Friday, May 23, 2014

::{ travels }::

To celebrate finishing my Ph.D. coursework I decided to visit Europe.

Paris, Madrid, and a 1/2 day in Toledo, to be specific.

Last Fall I applied for an international conference in Paris that I forgot about until February when they asked me why I hadn't responded to their email about my paper proposal.  Yikes.  After discovering that their email got lost among library reminders and textbook requests, I quickly responded to the organizers, applied for some grants, then left for France about a week after the semester ended and my grades were turned in.

Since I was already going to be over there, I decided I needed to visit Spain.  I can't explain why, but for a number of years (including the year I lived in Scotland, until the last month when I had run out of travel time) I never had any desire to visit Spain.  STUPID.  So, so stupid - especially considering that I know Spanish better than German or Dutch, and certainly better than French.  Anyway, the trip to Spain was the highlight of this excursion and I hope you enjoy the pictures.  Please consider this my anti-selfie tour.  I don't like selfies and even though I took some, I still can't stand them so I'm not going to post them.  That being said, most of these pictures are people-less, and all but one or two are Kristen-less.  Even though my dad always taught me that photos are better with people, I figured something is better than nothing.

So here we go...

This is the Institut National d'histoire de l'art (INHA) building where the conference was held in Paris.  It was gorgeous, and the classrooms weren't numbered, but instead were known as the salle Giorgio Vasari, or salle Walter Benjamin, or Jullian, etc.

I walked all over the place while I was there and found this small apartment building rather aesthetically pleasing.

This family had hired a professional photographer to follow them around Paris (I don't actually know that, but it makes for a good story.  However, the photographer did have an assistant carrying around professional equipment, so I don't imagine I'm too far off).  Anyway, I loved the photos with the umbrella.  Paris in the rain was actually really pretty.

The Louvre!  It used to be one of my favorite museums...until I saw the Prado.  =)

More Louvre, from a different spot.

Inside the Louvre near the inverted pyramid.  Since I didn't have people to photograph, I had to try and do other fun things with lighting and angles.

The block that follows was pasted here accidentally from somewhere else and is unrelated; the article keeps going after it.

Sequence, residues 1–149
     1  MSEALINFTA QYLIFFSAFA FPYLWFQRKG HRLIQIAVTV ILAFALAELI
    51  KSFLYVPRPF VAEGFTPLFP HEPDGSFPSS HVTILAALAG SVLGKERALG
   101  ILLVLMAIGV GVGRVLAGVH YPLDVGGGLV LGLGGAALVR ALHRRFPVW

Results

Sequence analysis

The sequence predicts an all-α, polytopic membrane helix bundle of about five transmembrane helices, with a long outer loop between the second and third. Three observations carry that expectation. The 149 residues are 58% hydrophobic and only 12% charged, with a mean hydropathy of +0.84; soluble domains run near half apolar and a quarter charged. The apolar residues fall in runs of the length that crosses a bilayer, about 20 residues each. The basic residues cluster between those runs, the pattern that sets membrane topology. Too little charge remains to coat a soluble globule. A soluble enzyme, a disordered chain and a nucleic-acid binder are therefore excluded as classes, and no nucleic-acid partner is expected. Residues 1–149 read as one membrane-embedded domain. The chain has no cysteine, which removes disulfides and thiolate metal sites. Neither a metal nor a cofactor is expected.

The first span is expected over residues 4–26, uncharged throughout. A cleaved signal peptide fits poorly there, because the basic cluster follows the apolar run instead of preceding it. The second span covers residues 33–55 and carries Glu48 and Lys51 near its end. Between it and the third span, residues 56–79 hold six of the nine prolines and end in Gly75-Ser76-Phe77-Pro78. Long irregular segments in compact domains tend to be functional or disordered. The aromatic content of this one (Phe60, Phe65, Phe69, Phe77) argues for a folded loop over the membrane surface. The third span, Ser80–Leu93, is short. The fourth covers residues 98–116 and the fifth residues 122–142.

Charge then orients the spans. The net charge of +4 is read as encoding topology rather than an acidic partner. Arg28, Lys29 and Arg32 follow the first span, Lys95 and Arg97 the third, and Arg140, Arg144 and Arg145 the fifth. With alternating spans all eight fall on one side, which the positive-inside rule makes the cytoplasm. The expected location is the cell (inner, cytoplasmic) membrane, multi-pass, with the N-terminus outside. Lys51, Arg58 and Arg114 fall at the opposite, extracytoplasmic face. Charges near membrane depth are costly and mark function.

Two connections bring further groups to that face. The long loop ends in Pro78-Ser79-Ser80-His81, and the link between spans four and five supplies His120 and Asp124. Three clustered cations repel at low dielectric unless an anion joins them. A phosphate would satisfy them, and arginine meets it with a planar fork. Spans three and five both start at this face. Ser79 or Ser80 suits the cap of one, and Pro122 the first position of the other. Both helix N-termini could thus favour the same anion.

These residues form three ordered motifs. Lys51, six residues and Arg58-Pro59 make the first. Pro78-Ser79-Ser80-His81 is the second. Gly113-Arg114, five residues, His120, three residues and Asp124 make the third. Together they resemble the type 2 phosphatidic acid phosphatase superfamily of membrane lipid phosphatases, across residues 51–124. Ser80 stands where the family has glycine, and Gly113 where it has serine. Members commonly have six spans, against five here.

This room contains the Marie de Medici cycle by Rubens (completed in the 1620s) - political propaganda at its greatest.  The French hated Marie - she was an Italian foreigner who married Henry IV so Rubens had his work cut out for him to please the patron while not patronizing the rest of the country - a brilliant artist and a cunning diplomat.

This is a modello for the Triumph of the Eucharist tapestry series that I've been working on for a few years now.  Rubens made a modello for each of the twenty tapestry designs that ended up in a convent in Madrid.  For a sense of scale, the modello is about 2'x3'.

This is what kills me about the Louvre.  Well, not the Louvre, but more the people that go to the Louvre.  Do you see the picture hanging in the middle of the wall on the bottom row near the man in the blue shirt and the woman standing with her back to the wall?  That is a hugely famous painting by Titian, a hugely famous Italian Renaissance artist.  NOBODY IS PAYING ANY ATTENTION TO IT!  Do you want to know why?

Because on the other side of that wall is the Mona Lisa, which everyone flocks to while ignoring everything else nearby.  I took pictures of people taking pictures because it cracks me up every time.  The Mona Lisa is against the wall that you can't see here, but the two figures on the far left are the museum guards protecting the painting and keeping the chaos to a minimum.  As soon as people take their photos (from quite a distance), they walk around the wall leading into the space in the picture above, and walk right past the Titian.

The steps leading up to Montmartre...

Which leads to one of my very favorite places in Paris - Painter's Square!  It's a little square that is tucked away in Montmartre, but it's a short walk (right around the corner, really) from the Sacre Coeur basilica.  Painters used to come out and set up their easels where they would paint outdoors, and you could buy their canvases on the spot.  It's changed quite a bit since I first visited this little spot, and now it's mostly caricature artists who feed on the tourists.  It's still really pretty and fun though.